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An interview with a neighbor: Shayla R. West

Shayla West loves Emory/Druid Hills' diversity but hates the gridlock



A former flight attendant, Shayla R. West, 31, moved to Atlanta nearly two years ago and currently works as a program director in Emory University's journalism department. While the neighborhood offers some of the familiar small-town qualities of her hometown of Manning, S.C., she enjoys only having to venture a short way for a night in the big city.

I love the eclectic but traditional feel of the neighborhood. I feel as though this may be one of Atlanta's hidden treasures. I'm originally from a small town in South Carolina. I was so familiar with the country living life, but never really wanted to live in the heart of downtown. Staying in this area is the best of both worlds for me. I also like the diversity of the neighborhood — you see and meet so many people of different ethnicities from so many different walks of life.

I would like to see more options of public transportation in the area. Emory is a very large organization. You have the university side as well as the health care side. You have students, employees, as well as patients all jam-packed into one location, so you can imagine how congested the area can become at times.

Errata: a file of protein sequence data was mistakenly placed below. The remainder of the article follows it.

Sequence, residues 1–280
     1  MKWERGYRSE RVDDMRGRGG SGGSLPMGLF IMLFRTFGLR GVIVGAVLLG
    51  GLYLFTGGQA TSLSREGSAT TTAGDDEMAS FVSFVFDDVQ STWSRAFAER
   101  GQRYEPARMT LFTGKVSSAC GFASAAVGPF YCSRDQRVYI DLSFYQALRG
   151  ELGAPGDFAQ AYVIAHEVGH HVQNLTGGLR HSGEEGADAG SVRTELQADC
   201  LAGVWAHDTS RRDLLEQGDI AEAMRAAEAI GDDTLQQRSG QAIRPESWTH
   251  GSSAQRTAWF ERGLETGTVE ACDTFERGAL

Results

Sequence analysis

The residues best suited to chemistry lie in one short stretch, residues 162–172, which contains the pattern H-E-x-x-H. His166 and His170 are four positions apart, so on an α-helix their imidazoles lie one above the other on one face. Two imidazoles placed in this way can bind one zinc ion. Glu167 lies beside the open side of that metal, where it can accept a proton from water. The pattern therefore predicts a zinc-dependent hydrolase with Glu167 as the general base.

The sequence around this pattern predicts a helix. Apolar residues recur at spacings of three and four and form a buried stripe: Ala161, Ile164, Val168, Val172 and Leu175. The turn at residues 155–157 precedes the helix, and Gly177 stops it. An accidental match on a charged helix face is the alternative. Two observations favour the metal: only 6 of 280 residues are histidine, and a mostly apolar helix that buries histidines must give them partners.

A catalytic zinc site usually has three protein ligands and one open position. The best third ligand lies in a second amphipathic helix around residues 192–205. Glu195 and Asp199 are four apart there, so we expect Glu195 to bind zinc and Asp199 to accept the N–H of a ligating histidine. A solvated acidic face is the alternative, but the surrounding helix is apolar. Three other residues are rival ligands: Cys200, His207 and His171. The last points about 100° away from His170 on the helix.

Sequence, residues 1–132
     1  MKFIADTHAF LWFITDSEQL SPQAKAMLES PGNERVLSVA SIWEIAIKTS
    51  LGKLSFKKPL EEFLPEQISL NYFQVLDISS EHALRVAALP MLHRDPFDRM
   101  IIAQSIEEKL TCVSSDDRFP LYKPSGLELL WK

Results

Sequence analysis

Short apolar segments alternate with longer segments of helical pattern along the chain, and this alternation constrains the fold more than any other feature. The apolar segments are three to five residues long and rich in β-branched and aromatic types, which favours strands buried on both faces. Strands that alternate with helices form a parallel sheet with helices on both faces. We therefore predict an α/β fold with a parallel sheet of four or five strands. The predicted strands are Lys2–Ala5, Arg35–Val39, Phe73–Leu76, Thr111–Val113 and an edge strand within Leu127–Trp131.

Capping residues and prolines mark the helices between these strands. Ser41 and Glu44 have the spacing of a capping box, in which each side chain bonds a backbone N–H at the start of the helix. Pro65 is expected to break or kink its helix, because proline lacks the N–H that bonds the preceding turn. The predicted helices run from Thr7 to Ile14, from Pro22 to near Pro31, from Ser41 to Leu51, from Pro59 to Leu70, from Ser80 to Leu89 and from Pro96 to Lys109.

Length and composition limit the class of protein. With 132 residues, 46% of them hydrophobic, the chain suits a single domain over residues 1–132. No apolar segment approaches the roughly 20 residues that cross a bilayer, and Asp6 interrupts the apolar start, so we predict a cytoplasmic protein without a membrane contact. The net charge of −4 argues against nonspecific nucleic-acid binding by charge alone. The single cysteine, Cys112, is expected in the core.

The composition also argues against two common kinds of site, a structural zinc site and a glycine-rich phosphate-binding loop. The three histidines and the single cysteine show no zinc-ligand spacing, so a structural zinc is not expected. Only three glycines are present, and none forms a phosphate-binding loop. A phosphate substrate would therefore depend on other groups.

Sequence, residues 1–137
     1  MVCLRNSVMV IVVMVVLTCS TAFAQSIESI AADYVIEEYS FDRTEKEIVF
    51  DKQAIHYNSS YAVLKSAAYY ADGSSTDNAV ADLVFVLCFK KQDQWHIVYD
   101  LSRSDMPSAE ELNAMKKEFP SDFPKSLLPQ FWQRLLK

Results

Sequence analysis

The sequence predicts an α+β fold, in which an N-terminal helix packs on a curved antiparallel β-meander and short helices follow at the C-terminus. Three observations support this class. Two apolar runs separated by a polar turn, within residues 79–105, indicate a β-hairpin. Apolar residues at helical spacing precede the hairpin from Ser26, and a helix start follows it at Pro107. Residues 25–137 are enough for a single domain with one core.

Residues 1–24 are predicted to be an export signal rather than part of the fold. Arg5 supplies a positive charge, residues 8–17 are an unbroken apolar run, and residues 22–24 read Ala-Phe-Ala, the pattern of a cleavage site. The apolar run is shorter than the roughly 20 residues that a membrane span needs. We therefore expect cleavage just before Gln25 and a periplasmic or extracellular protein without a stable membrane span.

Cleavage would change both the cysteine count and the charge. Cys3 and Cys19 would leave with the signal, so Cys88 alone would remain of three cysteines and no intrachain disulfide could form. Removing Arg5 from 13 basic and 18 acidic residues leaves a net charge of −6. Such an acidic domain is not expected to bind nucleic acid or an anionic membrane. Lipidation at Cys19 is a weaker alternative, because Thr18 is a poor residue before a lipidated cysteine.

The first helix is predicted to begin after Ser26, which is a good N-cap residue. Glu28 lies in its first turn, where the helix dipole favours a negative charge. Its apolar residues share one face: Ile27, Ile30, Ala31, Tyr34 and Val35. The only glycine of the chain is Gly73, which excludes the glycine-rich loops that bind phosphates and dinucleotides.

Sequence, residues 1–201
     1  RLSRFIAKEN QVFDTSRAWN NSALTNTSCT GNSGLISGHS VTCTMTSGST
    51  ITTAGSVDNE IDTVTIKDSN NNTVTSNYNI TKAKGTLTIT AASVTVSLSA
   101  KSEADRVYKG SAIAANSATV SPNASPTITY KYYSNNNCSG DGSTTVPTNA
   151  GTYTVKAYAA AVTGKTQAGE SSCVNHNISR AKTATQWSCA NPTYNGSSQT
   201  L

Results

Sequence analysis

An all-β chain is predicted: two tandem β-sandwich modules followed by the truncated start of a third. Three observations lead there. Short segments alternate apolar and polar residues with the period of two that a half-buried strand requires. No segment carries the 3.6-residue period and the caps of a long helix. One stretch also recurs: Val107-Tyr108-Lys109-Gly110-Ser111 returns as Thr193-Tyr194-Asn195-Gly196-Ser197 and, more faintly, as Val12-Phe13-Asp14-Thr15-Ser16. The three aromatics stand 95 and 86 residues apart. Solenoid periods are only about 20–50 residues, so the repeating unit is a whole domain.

I'm [also] not a big fan of this new roundabout right in front of the main entrance of campus. I used to be a flight attendant for three and a half years, so I'm very familiar with the roundabouts — they are very popular overseas. But for people who do not come to this area a lot or have never seen a roundabout before, it's somewhat confusing when driving and it makes it even more difficult to give directions to individuals who have never been on campus. You say "roundabout" to someone and their response is, "What?"

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